Skip to main content

How Nissan Z Stayed Young After 50 Years of Production

In 2018 the Nissan Z will turn 50 and that’s old compared to most models. So how has such an old car managed to stay so young at heart? Let’s dive into the history of just what makes the Nissan Z can so special.

Join us...    

In Nissans early North American life they were known as Datsun, mainly a tactic by Nissan to separate the N American division from the parent company in the event of failure. In October of 1969 the Fairlady Z was brought to the US as the Datsun 240Z. With a 0-60 slightly faster than 8 seconds, but with a $3600 price tag it could outperform anything in its price range and compete with cars that couldn’t match the price. Within just a few short months the 240Z was out of stock everywhere and dealers couldn’t get them fast enough. A true sports car for the people, it was so affordable just about everyone could buy it and it was so reliable anyone could maintain it.

Nissan Z Heritage

In 1974 the 260Z would replace it, the 260Z had a larger engine but with an unfortunate drop in horsepower due to rising emissions standards. It did become considerable more comfortable and luxurious but that had the effect of moving it further away from its original market. It would, however, almost immediately be replaced in 1975 with the 280Z, a north American market only vehicle, which was primarily a facelifted 260Z after sales came in lower than expected.

In 1978 Nissan moved the Z platform even further in the direction of tourer away from sportster with the release of the 280ZX. Which was all new, except for the main drivetrain components, meaning due to the extra weight it got slower, again. Critics called it sluggish, which makes sense considering it now took 11 seconds for the 280ZX to make it from 0-60, and the price jumped quite a bit to almost $10,000 for the base model. Somewhat of a revival would occur in 1981 when a turbocharged version was offered, encouraging car and driver to call it the most sporting Z car since its release.

In 1983 Datsun retired along with the 280ZX for the new Nissan 300ZX. When it reached America in 1984 it introduced a new engine, a 3L V6 with a turbo option. The 300ZX was 80’s all the way, angular and boxy looking on the outsize with a teched out and still plus interior inside. Consumers loved it, the new 200 horsepower engine propelled it 0-60 in 7.3 seconds reaffirming its sport car heritage.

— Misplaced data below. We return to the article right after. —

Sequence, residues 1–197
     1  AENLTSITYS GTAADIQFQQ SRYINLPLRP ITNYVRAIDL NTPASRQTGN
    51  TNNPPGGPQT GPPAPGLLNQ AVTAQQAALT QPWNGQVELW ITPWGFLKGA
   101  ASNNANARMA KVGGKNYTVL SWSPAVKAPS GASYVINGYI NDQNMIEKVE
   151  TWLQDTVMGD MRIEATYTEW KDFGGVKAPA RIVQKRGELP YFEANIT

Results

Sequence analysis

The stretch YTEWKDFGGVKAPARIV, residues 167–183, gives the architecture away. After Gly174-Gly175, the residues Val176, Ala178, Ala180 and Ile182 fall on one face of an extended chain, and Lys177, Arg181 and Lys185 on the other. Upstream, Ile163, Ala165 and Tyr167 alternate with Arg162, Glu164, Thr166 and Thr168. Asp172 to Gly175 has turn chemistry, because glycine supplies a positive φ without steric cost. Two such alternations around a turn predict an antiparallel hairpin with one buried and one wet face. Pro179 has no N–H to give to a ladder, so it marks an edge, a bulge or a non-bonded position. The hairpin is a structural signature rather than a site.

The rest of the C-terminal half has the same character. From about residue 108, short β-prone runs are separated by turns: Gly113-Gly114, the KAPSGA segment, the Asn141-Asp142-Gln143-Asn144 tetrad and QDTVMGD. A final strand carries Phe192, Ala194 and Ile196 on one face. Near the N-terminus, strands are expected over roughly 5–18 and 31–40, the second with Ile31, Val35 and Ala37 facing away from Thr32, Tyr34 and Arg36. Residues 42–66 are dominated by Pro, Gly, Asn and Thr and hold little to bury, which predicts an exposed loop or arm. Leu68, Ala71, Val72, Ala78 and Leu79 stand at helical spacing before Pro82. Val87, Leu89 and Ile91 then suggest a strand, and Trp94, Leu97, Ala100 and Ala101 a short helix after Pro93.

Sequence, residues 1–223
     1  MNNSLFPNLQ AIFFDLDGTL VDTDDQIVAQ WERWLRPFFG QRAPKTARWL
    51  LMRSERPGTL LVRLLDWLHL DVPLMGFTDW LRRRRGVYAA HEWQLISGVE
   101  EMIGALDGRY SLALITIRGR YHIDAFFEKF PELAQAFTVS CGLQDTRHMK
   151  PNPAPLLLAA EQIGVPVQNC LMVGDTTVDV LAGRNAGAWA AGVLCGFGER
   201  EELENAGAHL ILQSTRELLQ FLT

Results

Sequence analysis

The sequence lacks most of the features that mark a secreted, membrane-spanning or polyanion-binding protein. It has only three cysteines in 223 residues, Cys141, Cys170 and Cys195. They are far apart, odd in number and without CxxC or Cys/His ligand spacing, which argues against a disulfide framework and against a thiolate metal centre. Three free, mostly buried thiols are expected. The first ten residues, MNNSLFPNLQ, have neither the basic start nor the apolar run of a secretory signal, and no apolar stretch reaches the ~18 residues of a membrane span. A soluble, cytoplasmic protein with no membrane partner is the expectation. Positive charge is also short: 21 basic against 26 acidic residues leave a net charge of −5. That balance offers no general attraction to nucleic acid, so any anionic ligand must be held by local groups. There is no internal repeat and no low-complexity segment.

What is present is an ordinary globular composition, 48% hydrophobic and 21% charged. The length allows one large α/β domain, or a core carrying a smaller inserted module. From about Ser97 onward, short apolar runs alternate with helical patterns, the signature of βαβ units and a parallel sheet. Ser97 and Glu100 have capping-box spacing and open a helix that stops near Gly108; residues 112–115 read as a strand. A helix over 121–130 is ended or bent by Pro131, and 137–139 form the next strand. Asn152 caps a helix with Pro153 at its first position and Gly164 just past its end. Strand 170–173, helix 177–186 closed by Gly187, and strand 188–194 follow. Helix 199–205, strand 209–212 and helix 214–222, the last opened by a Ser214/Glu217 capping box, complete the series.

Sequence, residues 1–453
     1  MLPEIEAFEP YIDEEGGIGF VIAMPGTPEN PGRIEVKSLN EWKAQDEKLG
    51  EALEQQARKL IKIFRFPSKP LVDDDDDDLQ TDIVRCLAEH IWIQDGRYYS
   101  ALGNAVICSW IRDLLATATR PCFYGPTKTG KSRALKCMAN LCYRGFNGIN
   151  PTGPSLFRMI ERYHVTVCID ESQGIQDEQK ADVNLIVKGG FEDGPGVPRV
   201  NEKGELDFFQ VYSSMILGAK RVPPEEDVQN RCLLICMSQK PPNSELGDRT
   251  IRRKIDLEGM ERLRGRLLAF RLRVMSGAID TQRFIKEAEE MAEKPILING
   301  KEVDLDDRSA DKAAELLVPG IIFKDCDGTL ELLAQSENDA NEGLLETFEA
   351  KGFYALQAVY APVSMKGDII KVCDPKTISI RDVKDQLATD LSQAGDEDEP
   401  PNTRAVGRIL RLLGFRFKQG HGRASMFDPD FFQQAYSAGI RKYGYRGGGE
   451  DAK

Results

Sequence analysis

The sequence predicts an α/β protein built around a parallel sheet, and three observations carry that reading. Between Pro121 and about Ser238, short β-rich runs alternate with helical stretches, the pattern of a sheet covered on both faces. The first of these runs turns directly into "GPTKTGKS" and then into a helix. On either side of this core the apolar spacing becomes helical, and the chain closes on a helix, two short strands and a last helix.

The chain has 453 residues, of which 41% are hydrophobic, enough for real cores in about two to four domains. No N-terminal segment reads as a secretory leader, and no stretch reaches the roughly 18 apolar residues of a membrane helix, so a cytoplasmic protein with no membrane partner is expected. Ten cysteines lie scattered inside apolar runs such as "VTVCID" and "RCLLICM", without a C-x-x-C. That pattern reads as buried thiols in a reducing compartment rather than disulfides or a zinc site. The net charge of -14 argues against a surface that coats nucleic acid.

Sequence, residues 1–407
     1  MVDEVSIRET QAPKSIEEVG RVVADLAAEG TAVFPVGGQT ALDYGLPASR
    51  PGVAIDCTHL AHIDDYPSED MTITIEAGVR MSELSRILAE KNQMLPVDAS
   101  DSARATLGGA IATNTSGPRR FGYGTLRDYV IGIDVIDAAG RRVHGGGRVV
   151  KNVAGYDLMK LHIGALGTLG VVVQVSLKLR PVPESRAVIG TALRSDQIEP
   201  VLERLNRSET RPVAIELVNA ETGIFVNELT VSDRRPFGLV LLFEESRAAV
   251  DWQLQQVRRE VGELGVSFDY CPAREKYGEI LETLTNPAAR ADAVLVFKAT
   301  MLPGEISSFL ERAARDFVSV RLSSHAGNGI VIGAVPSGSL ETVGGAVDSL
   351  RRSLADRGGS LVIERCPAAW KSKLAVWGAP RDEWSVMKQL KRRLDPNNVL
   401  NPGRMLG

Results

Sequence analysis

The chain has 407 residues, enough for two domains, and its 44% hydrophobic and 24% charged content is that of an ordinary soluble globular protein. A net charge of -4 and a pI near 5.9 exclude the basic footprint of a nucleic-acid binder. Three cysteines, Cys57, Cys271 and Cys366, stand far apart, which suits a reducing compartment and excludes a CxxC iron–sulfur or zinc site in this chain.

In 1990 the 300ZX would get a new chassis and be completely redesigned, this time being one of the first vehicles to be designed with CAD software. The new 300ZX would become an instant legend with a sleek and beautiful silhouette. On top of the looks Nissan stuffed a twin turbo 4 valve V6 capable of launching the car 0-60 in 5 seconds flat. An impressive feat for a heavier and even more luxurious Z than before. Nissan would even add a convertible option in 1993. However, with the continually increasing price and decreasing demand for sports cars, the Nissan was pulled from the North American market in 1996. Thus began the Z dark ages.

Nissan Z Dark Ages

In 2002 Nissan released the 350Z, it was much anticipated after multiple concepts and it truly lived up to the Z name. With a base price of $26,000 the 350Z made the Z car affordable once again, and a convertible option was added in 2004. Dropping the X from the name should not be mistaken as insignificant. The 350Z was back to Z car roots, dropping the luxury for a pure sport feel. This had an incredible effect on the Z car, it became so popular among amateurs and pros that NASA, national auto sports association, created a 350Z class for only 350Z’s to compete against each other.

In 2008 Nissan came out with the 370Z.

The Nissan 370Z was almost completely new from the previous 350Z. It was incredibly good looking and now had a massive 3.7L V6 under the hood, all while retaining its relative affordability. Keeping the Nissan 370Z in production to this day, it is however showing it’s age, and is no longer worth the $30,000 starting price especially when take into account that there is no turbo or high performance options like previous Z cars, learn more about what our readers had to say about the Nissan 370Z here. The Z car however is poised to change once again.